• Age range is 8-77 years with average of 21 years


  • Gender



    • Male preponderance; M:F = 1.5-2:1


Site



  • Typically arise in appendicular skeleton



    • In metaphysis of bones derived from endochondral ossification



      • Distal femur, proximal tibia, proximal humerus


  • Rarely arise in epiphysis




    • Known as Trevor disease or dysplasia epiphysealis hemimelica in this location


  • Can involve flat bones, such as ilium and scapula


  • Rare in small bones of hands and feet and vertebrae, and never arise in craniofacial skeleton


Presentation



  • Many are asymptomatic



    • Incidental finding on imaging studies


  • Some are 1st detected as slowly enlarging firm mass present for many years


  • May be painful



    • Impingement upon adjacent neurovascular structures


    • Inflamed overlying bursa: Inflammatory bursitis


    • Fracture of stalk


  • Interferes with range of motion


Natural History



  • Slow growth that usually ceases at puberty



    • Osteochondromas exhibit greatest amount of growth while physeal plates are open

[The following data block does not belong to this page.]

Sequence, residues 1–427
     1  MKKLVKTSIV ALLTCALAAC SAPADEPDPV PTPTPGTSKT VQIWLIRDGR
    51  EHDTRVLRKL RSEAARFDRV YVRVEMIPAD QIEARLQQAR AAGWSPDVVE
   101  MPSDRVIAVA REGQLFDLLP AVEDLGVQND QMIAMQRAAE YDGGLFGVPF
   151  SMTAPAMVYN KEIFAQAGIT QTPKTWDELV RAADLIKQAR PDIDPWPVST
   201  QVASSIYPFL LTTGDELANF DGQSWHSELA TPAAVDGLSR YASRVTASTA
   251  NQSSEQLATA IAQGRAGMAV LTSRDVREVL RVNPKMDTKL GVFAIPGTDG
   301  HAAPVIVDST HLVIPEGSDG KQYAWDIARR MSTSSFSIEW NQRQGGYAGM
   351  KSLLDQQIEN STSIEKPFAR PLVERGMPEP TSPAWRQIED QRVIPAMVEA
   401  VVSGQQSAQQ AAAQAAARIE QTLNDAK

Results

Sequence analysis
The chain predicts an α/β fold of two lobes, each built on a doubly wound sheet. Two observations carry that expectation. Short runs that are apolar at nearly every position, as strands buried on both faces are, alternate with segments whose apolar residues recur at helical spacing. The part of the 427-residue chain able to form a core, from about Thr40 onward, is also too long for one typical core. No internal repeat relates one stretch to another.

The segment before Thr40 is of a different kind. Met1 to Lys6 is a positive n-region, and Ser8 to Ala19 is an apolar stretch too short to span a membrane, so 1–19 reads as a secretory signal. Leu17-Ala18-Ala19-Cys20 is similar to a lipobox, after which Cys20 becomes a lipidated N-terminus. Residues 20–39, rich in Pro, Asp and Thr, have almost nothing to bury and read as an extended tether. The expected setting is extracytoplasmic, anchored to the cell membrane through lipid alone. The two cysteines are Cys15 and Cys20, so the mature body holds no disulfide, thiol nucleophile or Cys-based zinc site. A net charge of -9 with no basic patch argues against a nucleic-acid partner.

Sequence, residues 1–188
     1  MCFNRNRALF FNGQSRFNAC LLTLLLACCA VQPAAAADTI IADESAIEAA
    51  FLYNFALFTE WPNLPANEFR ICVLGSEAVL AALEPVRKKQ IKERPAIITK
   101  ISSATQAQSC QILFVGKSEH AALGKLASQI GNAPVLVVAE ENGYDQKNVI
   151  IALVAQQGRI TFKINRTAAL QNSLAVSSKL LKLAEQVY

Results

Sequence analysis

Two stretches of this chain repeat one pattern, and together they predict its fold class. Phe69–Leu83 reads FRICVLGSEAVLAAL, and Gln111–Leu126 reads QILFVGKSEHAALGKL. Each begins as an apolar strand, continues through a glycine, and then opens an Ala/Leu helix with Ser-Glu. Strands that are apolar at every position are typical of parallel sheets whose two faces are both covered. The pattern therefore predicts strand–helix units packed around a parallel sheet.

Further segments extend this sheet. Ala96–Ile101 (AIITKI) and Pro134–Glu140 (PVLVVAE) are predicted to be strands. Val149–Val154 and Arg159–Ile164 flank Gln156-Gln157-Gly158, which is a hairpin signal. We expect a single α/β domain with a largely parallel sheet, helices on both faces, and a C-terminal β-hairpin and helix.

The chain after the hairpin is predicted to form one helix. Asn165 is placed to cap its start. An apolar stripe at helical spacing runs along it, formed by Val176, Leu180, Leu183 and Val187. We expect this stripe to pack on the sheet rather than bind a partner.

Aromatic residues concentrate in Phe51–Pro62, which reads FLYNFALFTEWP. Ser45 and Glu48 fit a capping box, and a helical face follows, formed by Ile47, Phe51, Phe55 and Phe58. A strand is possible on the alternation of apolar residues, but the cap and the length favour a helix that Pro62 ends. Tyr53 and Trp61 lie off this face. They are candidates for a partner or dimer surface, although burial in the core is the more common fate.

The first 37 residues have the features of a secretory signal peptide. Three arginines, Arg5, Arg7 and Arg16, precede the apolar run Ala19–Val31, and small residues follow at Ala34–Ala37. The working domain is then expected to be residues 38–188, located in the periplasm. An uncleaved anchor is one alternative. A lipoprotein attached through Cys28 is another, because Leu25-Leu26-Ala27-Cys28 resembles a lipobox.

• Malignant transformation should be considered if osteochondroma grows rapidly


Treatment



  • Small and asymptomatic osteochondromas do not require intervention



    • May sustain various complications that cause them to become symptomatic and justify removal


  • Excision usually adequate therapy



    • Cortex is transected near base of lesion, which is well defined in pedunculated lesions


    • Overlying bursa should also be removed with cartilage cap


    • If portion of perichondrium or cartilage cap is left behind, then lesion may recur locally


Prognosis



  • Malignant degeneration of solitary osteochondroma is very uncommon (0.4-2%)


  • Development of dedifferentiated component, such as high-grade osteosarcoma or pleomorphic spindle cell sarcoma, is exceedingly rare


IMAGE FINDINGS


Radiographic Findings



  • Arises from surface of bone


  • Cortices of lesion and underlying bone and their marrow cavities are in direct continuity


  • In long tubular bones, lesion typically points away from nearest joint in reaction to forces exerted by muscles and tendons



    • Direction of osteochondroma is not diagnostic feature


  • Cartilaginous surface is lobulated and may contain calcifications


  • Base can be narrow or broad (sessile lesion)


  • Lesion can sometimes be heavily mineralized


MR Findings



  • T1-weighted image shows similar signal intensity of medullary cavity of lesion and underlying bone


  • T2-weighted image shows high signal intensity cartilaginous cap



    • Low signal intensity surrounding cap represents perichondrium


  • Helpful in evaluating thickness of cartilaginous cap


CT Findings